In A Tale of Two Cities, comment on the character Miss Pross.
From her first entrance, which startles Mr. Lorry exceedingly, Miss Pross establishes herself as a comic character but also a character that represents loyalty and and love to her "Ladybird", Lucie Manette, of course culminating in her terrific struggle with Madame Defarge towards the end of the novel.
In Chapter 4 of Book I, Miss Pross is described as the character who bursts in when Lucie faints upon hearing the news that her father is still alive:
A wild-looking woman, whom even in his agitation, Mr. Lorry observed to be all of a red colour, and to have red hair, and to be dressed in some extraordinary tight-fitting fashion, and to have on her head a most wonderful bonnet like a Grenadier wooden measure, and good measure too, or a great Stilton cheese, came running into the room in advance of the inn servants, and soon settled the question of his detachment from the poor young lady, by laying a brawny hand upon his chest, and sending him flying back against the nearest wall.
So aggressive is her entrance, in fact, that Mr. Lorry assumes her to be a man, but she quickly shows her compassion to Lucie whilst at the same time ordering around Mr. Lorry ("you in brown") and the inn servants. Her attachment and affection for Lucie continues to be established in the tale, perhaps most amusingly when she assures Mr. Lorry that there are "hundreds of visitors" all paying suit to Lucie, when in fact there are only three. She, with Mr. Lorry, is responsible for the destruction of Dr. Manette's work bench and tools, which again demonstrates her love and care of Lucie's family.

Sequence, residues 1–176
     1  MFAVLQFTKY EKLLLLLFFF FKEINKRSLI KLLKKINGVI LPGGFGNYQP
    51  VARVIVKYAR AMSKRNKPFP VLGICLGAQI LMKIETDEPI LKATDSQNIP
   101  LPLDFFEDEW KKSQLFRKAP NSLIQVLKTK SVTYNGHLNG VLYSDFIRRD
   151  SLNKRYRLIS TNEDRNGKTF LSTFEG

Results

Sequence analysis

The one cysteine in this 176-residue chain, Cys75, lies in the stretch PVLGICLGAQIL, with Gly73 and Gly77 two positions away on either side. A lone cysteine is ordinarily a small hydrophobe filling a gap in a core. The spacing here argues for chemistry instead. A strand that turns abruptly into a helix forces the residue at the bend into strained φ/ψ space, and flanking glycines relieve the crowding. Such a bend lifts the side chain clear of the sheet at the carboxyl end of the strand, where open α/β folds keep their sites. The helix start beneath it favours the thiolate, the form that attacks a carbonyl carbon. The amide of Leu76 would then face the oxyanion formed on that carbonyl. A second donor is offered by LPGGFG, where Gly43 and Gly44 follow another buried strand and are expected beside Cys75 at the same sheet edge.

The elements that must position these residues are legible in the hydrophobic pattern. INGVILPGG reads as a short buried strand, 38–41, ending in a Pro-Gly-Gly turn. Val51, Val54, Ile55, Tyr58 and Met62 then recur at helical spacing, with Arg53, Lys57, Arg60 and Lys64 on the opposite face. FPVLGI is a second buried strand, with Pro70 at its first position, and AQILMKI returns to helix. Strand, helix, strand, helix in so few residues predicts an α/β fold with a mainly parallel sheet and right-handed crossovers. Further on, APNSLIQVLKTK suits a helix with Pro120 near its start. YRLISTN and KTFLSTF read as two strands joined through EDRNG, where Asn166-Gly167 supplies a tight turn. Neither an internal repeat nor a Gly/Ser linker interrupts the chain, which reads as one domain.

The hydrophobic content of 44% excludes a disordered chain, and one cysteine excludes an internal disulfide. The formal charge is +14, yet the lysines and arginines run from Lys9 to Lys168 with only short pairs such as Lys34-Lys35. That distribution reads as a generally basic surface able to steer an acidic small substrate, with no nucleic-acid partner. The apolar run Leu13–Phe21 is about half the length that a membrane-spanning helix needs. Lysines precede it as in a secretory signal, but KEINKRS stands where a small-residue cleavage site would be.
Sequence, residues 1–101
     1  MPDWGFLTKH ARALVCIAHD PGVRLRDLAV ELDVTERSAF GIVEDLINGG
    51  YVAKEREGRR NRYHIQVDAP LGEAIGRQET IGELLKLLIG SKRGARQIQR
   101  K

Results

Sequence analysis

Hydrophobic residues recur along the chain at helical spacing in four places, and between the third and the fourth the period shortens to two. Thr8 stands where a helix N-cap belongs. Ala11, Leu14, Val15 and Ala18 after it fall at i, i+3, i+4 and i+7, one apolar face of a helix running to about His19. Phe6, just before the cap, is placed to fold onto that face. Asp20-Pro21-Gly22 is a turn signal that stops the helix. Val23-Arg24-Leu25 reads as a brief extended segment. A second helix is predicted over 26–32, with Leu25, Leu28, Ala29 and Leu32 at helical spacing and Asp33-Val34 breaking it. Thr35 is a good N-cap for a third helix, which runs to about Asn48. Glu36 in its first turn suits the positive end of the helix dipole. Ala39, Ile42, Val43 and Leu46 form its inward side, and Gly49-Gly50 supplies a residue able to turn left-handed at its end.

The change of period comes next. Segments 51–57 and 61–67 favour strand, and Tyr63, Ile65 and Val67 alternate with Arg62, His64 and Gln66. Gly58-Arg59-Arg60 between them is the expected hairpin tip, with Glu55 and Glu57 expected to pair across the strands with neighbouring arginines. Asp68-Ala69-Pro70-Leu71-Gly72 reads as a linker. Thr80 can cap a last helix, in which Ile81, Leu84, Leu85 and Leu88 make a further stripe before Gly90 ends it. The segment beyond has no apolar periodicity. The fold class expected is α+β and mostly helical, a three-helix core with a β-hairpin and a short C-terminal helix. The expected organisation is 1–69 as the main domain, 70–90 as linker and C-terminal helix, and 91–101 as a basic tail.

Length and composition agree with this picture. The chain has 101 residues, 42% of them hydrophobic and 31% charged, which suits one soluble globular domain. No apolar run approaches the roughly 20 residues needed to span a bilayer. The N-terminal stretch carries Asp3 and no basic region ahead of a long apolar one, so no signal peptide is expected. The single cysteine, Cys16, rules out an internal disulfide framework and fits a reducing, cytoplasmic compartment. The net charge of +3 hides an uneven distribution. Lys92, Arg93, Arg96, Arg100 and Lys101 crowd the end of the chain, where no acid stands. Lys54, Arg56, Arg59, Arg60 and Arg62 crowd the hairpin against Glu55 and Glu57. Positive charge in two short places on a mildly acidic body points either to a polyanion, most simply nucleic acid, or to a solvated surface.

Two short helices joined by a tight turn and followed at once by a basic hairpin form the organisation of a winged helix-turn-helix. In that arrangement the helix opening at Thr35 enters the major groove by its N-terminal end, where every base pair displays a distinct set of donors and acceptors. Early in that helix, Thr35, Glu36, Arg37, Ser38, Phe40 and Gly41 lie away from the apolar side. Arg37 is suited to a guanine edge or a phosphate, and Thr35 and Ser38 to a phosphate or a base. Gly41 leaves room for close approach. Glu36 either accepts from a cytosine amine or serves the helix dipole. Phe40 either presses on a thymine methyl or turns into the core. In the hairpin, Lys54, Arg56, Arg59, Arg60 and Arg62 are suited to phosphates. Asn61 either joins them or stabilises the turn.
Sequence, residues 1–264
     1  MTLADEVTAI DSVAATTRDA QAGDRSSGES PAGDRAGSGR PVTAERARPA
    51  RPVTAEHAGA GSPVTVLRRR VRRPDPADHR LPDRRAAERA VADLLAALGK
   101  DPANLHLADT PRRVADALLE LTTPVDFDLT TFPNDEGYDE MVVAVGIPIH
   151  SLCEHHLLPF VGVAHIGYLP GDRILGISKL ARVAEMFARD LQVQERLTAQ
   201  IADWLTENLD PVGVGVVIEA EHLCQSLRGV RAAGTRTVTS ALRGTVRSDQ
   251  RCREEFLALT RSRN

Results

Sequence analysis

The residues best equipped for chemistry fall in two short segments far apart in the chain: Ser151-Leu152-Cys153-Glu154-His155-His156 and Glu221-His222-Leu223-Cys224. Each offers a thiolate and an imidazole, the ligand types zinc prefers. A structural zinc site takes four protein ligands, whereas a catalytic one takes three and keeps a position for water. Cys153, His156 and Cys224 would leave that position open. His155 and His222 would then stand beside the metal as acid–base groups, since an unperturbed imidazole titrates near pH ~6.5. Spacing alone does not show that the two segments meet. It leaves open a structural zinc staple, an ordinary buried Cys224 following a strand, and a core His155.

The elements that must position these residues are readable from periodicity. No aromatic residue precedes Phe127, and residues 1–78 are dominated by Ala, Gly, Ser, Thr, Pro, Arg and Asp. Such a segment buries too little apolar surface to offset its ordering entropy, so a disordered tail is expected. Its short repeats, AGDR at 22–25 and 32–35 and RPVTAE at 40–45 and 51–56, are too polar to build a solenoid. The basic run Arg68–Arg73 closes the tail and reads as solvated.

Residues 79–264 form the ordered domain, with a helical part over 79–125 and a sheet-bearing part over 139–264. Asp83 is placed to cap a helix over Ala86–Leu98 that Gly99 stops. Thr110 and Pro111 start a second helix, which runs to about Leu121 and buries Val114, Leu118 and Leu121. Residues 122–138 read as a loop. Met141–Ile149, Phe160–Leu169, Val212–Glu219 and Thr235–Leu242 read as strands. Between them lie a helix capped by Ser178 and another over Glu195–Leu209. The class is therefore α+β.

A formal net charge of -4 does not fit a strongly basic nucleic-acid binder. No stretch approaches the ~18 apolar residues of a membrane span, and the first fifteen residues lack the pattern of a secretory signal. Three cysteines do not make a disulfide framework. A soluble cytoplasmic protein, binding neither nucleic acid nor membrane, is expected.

Of course, Miss Pross's love comes into its own as she fights Madame Defarge at the end of the novel to ensure Lucie's escape. Consider how a part of this struggle is related:
Madame Defarge made at the door. Miss Pross, on the instinct of the moment, seized her round the waist in both her arms, and held her tight. It was in vain for Madame Defarge to struggle and strike; Miss Pross, with the vigorous tenacity of love, always so much stronger than hate, clasped her tight, and even lifted her from the floor in the struggle that they had.
Even though she loses her hearing in the struggle, Miss Pross, in her own words, "does not care tuppence" for her life, and willingly shows herself as a loyal loving servant willing to sacrifice herself for those she loves (just as Carton lays down his life for Darnay).